How to handle charitable donations
12 JANUARY 2015 8:44 AM
There are many factors that a company must consider prior to settling on which philanthropic causes to support.
A new year brings new challenges, new opportunities—and new requests from charitable organizations, large and small, for cash contributions and/or complimentary roomnights. Before hitting the “Close” button in disgust (“What a Scrooge!”), let me say there are innumerable worthy philanthropic causes doing important work on behalf of those less fortunate, and working tirelessly to improve the quality of life in the United States and around the world. They are deserving of our support as an industry, as hotel companies and as individual hotel properties.
What's challenging is determining where to channel one’s philanthropic activities. Much like airlines with seats, or themed attractions with tickets, hotels have a desirable commodity with rooms inventory. Figuring out how, when, where and to what extent to allocate this resource to charitable causes (along with any potential cash contributions) should be part of a carefully considered public relations or community relations strategy. It’s simply not feasible to give to everyone. Taking an ad hoc or case-by-case approach to philanthropy can result in receiving more requests and having to explain giving decisions (“Why them and not me?”).
At the corporate level, your giving might be more national or regional in scope. At the property level, the focus might be more local. But however you approach it, have a plan. There are professionals who can help create corporate giving programs, help determine areas of focus and assist in the establishment of guidelines. Because most companies and properties have systems in place to determine the most effective use of capital (maintenance, marketing, etc.) there should also be a system in place for using “capital” (cash, rooms) in making charitable contributions.
Have a focus
One of the first things to consider is areas of focus. Have a “rhyme and reason” for your giving program. Is it the arts? Education? Youth programs? Healthcare? And more specifically, if healthcare is your priority, you might focus on women's programs, a particular disease (cystic fibrosis, muscular dystrophy, ALS), pediatric issues, substance abuse or many others.
Having giving priorities carries with it a number of advantages:
- You know where your dollars or rooms are being allocated.
- You have the ability to have a greater impact on a few organizations as opposed to a minimal impact on a larger number of charities.
- There is a justifiable reason for turning down requests from organizations outside your area of focus.
Determine a budget
Upon settling on areas of giving, determine a budget for both cash and in-kind contributions. Certainly, the in-kind portion might vary during the course of a year depending on room availability, but there should be a general idea of what you intend to allocate for philanthropic activities. In short, make charitable giving part of your normal annual budgeting process.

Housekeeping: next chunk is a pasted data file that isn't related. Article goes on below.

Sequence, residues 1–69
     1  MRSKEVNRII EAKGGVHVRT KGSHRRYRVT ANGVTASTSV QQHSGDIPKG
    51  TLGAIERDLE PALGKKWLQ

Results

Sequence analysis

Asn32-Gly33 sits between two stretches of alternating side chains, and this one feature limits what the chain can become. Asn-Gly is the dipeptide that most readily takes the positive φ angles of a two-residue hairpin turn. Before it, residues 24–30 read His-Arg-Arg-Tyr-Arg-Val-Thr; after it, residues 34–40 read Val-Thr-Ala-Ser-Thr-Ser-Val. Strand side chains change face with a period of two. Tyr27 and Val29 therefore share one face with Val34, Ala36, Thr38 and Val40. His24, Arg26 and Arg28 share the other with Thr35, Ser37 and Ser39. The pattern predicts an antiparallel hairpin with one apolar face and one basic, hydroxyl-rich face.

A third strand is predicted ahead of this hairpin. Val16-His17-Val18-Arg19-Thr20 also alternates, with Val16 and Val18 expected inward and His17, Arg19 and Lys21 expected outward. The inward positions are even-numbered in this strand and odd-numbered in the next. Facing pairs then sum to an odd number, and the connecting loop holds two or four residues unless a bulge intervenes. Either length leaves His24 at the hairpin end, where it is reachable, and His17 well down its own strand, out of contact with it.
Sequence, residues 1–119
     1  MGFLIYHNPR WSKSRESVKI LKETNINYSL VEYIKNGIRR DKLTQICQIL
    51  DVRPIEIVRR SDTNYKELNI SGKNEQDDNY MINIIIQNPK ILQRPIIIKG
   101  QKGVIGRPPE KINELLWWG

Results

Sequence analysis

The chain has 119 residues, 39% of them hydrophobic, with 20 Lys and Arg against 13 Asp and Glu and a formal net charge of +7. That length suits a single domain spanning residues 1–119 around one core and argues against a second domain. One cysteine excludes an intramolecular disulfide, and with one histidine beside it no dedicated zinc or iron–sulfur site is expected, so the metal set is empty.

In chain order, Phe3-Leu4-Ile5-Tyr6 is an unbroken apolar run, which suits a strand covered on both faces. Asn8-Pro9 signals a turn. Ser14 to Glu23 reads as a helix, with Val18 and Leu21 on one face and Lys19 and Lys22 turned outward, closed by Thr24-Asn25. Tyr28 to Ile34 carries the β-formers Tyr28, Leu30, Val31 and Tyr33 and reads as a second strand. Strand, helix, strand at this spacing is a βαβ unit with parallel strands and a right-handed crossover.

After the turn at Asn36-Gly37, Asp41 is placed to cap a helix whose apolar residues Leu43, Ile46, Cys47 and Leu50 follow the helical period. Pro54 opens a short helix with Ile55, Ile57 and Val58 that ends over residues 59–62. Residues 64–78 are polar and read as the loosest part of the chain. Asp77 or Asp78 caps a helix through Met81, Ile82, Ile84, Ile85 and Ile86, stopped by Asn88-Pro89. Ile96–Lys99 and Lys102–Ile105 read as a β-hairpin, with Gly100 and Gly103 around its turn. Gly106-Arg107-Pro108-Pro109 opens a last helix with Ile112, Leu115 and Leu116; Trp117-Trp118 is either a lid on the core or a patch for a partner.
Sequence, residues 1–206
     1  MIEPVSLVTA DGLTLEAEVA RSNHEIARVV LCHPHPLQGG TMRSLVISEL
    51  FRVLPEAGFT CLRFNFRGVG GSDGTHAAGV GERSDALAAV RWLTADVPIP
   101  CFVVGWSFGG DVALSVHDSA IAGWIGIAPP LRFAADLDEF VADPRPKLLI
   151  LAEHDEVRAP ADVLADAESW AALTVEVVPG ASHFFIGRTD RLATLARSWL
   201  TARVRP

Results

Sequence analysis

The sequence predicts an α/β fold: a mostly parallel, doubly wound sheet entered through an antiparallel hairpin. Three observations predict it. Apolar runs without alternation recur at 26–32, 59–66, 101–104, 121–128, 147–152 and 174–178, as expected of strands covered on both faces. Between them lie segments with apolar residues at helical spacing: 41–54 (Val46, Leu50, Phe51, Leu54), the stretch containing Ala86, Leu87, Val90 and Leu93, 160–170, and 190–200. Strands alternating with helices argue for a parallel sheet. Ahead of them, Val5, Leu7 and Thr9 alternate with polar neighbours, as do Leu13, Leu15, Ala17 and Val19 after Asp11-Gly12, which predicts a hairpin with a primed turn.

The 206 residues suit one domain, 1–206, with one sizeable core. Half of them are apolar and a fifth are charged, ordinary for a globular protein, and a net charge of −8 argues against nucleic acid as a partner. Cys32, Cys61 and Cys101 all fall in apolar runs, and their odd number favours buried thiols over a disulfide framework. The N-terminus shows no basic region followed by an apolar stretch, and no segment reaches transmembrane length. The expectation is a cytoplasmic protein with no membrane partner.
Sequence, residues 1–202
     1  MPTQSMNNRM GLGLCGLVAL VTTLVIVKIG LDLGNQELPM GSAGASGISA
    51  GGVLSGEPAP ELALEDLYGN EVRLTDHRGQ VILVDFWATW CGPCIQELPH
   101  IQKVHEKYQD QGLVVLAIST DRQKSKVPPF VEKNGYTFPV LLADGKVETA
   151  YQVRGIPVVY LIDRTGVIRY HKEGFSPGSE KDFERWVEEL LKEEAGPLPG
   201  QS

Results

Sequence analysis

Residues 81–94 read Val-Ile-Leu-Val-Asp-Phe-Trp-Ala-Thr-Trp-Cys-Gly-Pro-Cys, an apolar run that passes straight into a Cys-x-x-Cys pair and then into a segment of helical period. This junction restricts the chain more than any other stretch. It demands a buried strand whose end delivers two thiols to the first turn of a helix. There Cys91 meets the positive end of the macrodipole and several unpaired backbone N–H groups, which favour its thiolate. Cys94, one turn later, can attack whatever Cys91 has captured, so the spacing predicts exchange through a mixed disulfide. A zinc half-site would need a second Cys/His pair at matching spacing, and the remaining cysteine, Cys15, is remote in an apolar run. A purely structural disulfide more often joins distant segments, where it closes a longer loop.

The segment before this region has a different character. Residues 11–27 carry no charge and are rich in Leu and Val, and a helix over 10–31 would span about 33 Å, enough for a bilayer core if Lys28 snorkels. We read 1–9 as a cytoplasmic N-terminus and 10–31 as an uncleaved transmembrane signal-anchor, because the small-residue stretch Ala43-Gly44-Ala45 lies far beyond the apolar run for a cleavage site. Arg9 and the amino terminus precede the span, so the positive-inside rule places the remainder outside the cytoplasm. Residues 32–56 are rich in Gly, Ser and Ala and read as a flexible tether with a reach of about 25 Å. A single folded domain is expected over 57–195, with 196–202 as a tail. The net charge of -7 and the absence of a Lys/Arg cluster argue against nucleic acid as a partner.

Do your due diligence
It's also important to do the right due diligence on organizations to whom you make contributions. Clearly, this is more important at the corporate level where you might be making larger donations to national or regional charities. At the local level, it's probably overkill to spend much time looking at the books of the local Little League if you're considering putting signage on its scoreboard. But with larger groups or organizations, or when bigger dollars are involved, review groups’ tax filings and annual reports. How do they spend the dollars they receive (hopefully on research and programs that help their constituents)? How much of their funding goes to staff salaries (hopefully not much)? Do they routinely report results and activities to their donors (they should)?
When you have your program in place, someone in your organization should be assigned responsibility for its implementation. At the corporate level this could be your head of public relations or marketing. At the property level, depending on the size of the hotel, it could be the PR person or the GM. But it should be in someone’s area of responsibility to ensure contributions are tracked so that the guidelines (you established) are met.
Publicize your efforts
Don't be shy about publicizing your philanthropic efforts (but without overdoing it so you come across as exploitative). The fact is, shining a light on your activities to enhance medical research or simply helping a local soccer team acquire much-needed equipment resonates with customers and, increasingly, with investors. Many pension funds and institutional investors look at corporate philanthropy as one criteria in making investment decisions. And at the property level, if a customer gets a good feeling about your hotel because of what you do in the community, all that is to the good.
“Doing well by doing good” has become one of those trite homilies. All companies can benefit by being good corporate citizens. But as in everything else in business, the trick is effecting the right balance between helping the community, serving your customers and generating profits for the benefit of your employees, owners and shareholders.
Marc Grossman is a senior communications executive who served as senior VP, corporate affairs, for Hilton Hotels Corporation, where he was responsible for all global corporate communications, investor/financial relations, public affairs, brand/marketing public relations, crisis communications and internal communications. He also held senior positions with three leading international communications firms. He can be reached at email@example.com.
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